Two Rivers: foodborne illnesses

MGN/ photo

From Two Rivers Public Health Department:

During the summer months, foodborne illness (commonly known as food poisoning) peaks because of the warmer temperatures, grilling, picnics, cookouts. Each year, 1 in 6 Americans gets sick by consuming contaminated foods or beverages. This is relevant because there have been several recent foodborne illness outbreaks from romaine lettuce, honey smacks cereal, veggie trays, and pre-cut melons.

What does the health department have to do with foodborne illness?

One of the tasks of local public health departments is to monitor diseases, such as foodborne illnesses in order to protect the health of the public. The health department is notified when hospitals and labs detect certain diseases. After the notification, the health department may conduct an interview with those affected and then will report findings to the CDC. This is how outbreaks of disease are identified.

How do you get a foodborne illness?

You can get a foodborne illness after swallowing food that has been contaminated with a variety of germs. After you eat the contaminated food there is a delay before symptoms of illness begin. This delay may range from hours to days, depending on the germ and on how many germs you swallowed.

The most common symptoms of a foodborne illness include upset stomach, abdominal cramps, nausea and vomiting, diarrhea, fever, and dehydration.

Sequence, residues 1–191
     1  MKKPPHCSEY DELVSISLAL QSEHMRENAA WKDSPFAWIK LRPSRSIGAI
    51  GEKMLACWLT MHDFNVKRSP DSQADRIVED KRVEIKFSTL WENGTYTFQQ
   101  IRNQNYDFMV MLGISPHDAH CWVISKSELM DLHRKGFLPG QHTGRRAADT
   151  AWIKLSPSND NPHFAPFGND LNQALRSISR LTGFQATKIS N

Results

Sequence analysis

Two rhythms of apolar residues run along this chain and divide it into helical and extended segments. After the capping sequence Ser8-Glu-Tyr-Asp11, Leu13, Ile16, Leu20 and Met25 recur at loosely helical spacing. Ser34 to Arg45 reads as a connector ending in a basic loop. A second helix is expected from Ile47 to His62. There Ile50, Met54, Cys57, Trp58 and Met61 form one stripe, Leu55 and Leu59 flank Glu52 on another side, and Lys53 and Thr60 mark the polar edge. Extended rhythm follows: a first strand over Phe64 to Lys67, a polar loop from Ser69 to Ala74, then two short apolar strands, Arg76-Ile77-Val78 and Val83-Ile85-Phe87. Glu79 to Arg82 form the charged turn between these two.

What germs cause foodborne illnesses?

More than 250 different foodborne disease have been described. Some of the most common are E.coli, norovirus, salmonella, campylobacter. After you eat food contaminated with these germs they pass through the stomach into the intestine, attach to the cells lining the walls of the intestine and begin to multiply. The symptoms you experience depend on the germ that you swallowed.

Current foodborne illness outbreaks

How can you help protect yourself and your family from a foodborne illness?


• Wash your hands and surfaces often. Germs can survive in many places around your kitchen, including your hands, utensils, and cutting boards.

• Rinse fresh fruits and vegetables under running water.


• Raw meat, poultry, seafood, and eggs can spread germs to ready-to-eat foods—unless you keep them separate.


• Cook to the correct temperature. Use a food thermometer to ensure that foods are cooked to a safe internal temperature: 145°F for whole meats, 160°F for ground meats, and 165°F for all poultry.


• Keep your refrigerator below 40°F and refrigerate foods properly. Germs can grow in many foods within 2 hours unless you refrigerate them. (During the summer heat, cut that time down to 1 hour.)

What should you do if you think you have a foodborne illness?

See your doctor if you have:

• High fever

• Blood in the stools

• Prolonged vomiting that prevents keeping liquids down (which can lead to dehydration)

• Signs of dehydration, including a decrease in urination, a dry mouth and throat, and feeling dizzy when standing up.

• Diarrheal illness that lasts more than 3 days

For more information visit CDC Facebook page, or

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